1. Moleskine notebooks with the soft cover and the grid-printed sheets. The technical name for these is "Moleskine Cahier Navy Blue Extra Large Squared Journal," but no matter what you call them, I call them perfect. I use them for notes and have recently forsaken the paper day planner notebook that I researched and purchased in favor of a calendar of my own making in the grid of this notebook. I also use them to write either horizontally or vertically, depending on what I'm writing down, be it to-do lists or projects or whatever. And when I'm bored, I doodle in the squares. I splurged on the 3-pack (anytime you spend $20 on notebooks it's a splurge) several years ago and have been using these same sturdy notebooks ever since.
  2. For writing in my notebook, I prefer the blue Bic Crystal ballpoint pen. Medium point, I think. It's the one I will move all my other pens out of the way to find. The ink flow ratio is perfect and I absolutely love it when the paper in a notebook gets all crinkly from writing, and only a ballpoint pen gives it that feel. It feeds the OCD part of me.
  3. For editing my own writing or others, I turn to the red PaperMate Flair felt-tip pen. For a little while I was unable to find these, so now whenever I do find them, I buy them. I've got stashes of them everywhere (the true sign of an editor?). If I'm working with my critique group, I might use a less-harsh green or orange, maybe even purple or pink if I'm feeling jaunty. When plotting a NANOWRIMO book I picked up a collection of multi-colored Flair pens but as the project is languishing, I think that was just my subconscious justifying the purchase of said pens.
Next is ambiance. Maybe it's the spring fever talking, but sunshine is my friend right now. There's nothing that makes me happier right now than sitting in the sun (inside or out) and writing in a notebook. Well nothing except that and a giant cup of coffee. My current favorite writing place is in front of the large windows in my dine-in kitchen, where the walls are bright yellow and the windows face south. In another month or two, Oklahoma will ensure that the blinds stay closed most of the time, in a vain effort to keep the room cooler; but for now, I'll take the sun.

Great writing advice. Especially that which is provided by Chuck Wendig. He's the foul-mouthed genius and self-proclaimed freelance Penmonkey behind the Terribleminds blog. He's also the prolific writer of many titles, including 250 Things You Should Know About Writing, 500 Ways to Be a Better Writer, 500 Ways to Tell a Better Story and 500 More Ways to Be a Better Writer, among others. I've got these 4 e-book titles and highly recommend them if you are not offended by swearing and like straight-forward, intelligent advice.

Jazz is good. Jazz on vinyl is sublime.
More great writing advice--this one provided by Oklahoma blogger Marie Wreath on the Oklahoma Women Bloggers site. Under the theme of travel, Marie shared a senses inventory exercise, wherein she assesses all that she can hear, see, feel, smell, taste, touch and think at a given moment in time. I've yet to sit down and complete this exercise (it's spring break; my brain cells are far too divided) but I've been noticing myself taking this inventory as I go about my day. What a wonderful way to get present in the moment.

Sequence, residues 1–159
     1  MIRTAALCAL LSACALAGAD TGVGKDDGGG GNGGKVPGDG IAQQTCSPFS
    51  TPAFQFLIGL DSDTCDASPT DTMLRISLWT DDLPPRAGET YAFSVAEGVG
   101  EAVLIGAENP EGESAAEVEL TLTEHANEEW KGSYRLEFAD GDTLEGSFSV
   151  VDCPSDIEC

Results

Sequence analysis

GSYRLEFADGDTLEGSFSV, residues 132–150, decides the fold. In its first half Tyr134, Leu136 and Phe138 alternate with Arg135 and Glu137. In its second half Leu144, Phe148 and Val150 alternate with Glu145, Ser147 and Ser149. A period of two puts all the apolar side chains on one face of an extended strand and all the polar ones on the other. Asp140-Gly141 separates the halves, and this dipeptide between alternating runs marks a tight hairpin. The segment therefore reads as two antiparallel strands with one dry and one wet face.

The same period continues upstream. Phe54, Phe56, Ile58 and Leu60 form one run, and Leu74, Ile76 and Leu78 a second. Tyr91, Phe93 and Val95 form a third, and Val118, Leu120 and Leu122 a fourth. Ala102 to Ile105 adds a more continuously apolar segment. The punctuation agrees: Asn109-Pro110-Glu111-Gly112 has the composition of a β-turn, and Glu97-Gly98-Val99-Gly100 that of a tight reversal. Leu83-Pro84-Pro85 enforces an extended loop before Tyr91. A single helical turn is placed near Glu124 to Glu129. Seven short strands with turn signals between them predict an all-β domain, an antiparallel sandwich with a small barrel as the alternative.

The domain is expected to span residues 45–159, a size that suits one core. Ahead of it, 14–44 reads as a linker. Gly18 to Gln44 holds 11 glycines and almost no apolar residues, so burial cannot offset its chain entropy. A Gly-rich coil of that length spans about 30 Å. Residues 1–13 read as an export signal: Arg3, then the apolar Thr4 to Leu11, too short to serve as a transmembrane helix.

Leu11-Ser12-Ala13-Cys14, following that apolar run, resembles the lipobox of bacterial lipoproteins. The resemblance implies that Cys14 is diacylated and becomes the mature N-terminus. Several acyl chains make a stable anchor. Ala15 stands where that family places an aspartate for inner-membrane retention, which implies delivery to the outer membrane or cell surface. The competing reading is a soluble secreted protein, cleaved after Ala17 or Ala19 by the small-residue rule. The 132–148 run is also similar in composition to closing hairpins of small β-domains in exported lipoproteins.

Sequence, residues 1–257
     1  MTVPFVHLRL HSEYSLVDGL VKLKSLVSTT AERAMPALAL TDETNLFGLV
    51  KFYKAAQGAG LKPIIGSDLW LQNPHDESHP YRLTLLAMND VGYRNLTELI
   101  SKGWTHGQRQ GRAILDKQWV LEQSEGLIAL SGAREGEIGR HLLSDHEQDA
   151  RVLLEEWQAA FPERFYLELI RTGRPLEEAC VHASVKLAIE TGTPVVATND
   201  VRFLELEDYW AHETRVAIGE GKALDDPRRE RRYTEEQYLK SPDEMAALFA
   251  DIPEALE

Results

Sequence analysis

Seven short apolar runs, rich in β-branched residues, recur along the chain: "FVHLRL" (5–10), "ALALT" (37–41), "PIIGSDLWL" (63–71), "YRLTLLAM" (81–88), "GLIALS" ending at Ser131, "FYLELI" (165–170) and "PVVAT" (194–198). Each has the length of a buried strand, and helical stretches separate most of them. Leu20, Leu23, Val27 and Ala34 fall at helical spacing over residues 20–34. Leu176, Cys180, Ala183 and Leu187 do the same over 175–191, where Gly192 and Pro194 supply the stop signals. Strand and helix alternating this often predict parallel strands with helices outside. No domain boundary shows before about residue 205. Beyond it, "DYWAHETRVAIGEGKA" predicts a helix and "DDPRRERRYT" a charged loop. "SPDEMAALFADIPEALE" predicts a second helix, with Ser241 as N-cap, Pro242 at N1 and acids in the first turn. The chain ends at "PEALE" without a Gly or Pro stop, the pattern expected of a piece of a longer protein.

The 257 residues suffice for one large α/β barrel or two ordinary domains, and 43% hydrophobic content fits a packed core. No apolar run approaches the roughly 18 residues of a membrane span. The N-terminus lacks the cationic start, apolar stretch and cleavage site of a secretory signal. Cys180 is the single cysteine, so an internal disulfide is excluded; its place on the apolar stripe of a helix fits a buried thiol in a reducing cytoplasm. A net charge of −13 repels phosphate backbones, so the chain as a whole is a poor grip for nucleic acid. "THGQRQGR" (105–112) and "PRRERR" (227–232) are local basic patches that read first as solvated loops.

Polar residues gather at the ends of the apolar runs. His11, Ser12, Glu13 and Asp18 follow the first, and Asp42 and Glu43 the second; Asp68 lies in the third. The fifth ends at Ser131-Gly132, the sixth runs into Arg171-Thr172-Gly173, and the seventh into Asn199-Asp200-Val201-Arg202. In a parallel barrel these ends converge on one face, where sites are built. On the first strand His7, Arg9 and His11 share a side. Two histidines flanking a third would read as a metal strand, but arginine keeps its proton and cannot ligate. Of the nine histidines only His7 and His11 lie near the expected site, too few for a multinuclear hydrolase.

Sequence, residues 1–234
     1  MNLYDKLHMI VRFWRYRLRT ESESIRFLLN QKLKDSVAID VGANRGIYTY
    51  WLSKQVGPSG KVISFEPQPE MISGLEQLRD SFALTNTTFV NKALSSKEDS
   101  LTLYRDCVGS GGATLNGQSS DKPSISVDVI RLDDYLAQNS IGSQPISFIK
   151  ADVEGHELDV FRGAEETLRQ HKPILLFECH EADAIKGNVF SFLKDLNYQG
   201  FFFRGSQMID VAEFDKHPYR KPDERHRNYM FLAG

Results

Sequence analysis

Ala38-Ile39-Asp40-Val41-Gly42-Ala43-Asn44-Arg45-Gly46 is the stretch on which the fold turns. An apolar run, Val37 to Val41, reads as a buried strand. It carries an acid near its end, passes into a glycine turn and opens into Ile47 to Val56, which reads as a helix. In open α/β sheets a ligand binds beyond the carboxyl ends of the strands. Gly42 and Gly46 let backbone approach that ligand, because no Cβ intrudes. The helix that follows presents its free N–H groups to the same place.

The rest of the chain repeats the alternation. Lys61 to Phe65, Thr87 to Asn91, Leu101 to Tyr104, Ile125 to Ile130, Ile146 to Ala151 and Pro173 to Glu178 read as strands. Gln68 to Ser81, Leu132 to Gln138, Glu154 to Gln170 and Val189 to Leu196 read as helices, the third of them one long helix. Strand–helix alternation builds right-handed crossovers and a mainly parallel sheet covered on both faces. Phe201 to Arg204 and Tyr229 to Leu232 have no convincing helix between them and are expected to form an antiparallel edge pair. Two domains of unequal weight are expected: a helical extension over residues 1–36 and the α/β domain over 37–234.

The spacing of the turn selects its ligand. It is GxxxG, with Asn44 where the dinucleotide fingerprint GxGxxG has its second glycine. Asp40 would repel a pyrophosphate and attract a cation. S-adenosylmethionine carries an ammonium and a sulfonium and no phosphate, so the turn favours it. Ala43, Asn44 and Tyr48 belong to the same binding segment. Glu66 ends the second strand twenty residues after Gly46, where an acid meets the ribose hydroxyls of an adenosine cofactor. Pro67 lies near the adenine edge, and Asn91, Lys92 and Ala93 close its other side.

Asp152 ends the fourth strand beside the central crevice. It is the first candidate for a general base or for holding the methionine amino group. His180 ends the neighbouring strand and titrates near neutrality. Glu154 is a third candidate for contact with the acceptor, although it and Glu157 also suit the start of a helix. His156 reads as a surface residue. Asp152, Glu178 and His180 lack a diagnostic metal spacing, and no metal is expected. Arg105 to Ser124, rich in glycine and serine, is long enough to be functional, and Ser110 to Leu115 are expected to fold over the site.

Remember when I said my brain cells were far too divided? Well, we all know that nothing soothes the savage breast like music, and currently when I need to focus, I'm digging instrumentals. Not like in the elevator music of old, but other music of old, like jazz. I got a record player for Christmas, and have since picked up some new/old vinyl--including a Miles Davis LP. I've listened to Kind of Blue for a long time when I needed that clear head space, figured it was time to branch out a bit. I've also discovered classical, which I've never really dipped too far into. But then I discovered these classical music collections on Amazon.com for a pittance (under $3 each for 100 songs) and I've built quite a collection. A great investment.

Wednesday, March 19, 2014

Careful Feeding

Good advice for life ... and writing.


Ever since we saw the movie Up!, this has been shorthand to explain how we are easily distracted. It's pretty universal, I think, as my kids use it, friends use it, it's the battle cry of the overtasked! And such easy, elegant advice for a writer.

Tuesday, March 11, 2014

When is good for you?

Sometimes it seems like I just can't get out of my own way. I have things to say, important (maybe) things to say and an eloquent (maybe) way to say them. But when I sit down and put pen or pencil to paper or fingertips to keyboard, I get nada. Zilch, zero, zip.

Wednesday, March 5, 2014

A Rose by Any Other Name

What's in a name? Well, I guess that depends on a lot of things. I am excited (a little giddy, actually) to announce that I was asked to serve as the Book Doctor for the 2014 Oklahoma Writers' Federation Inc (OWFI) conference. What does that mean?

Friday, December 6, 2013

Buzz Books: new releases

As the senior editor at Buzz Books, I've worked on books in various genres--YA, women's fiction, non-fiction, thriller, mystery--and it's my job to let the author shine. For the  most part, my job is done well when you can't tell it's done at all (with one rare exception--more on that in just a second).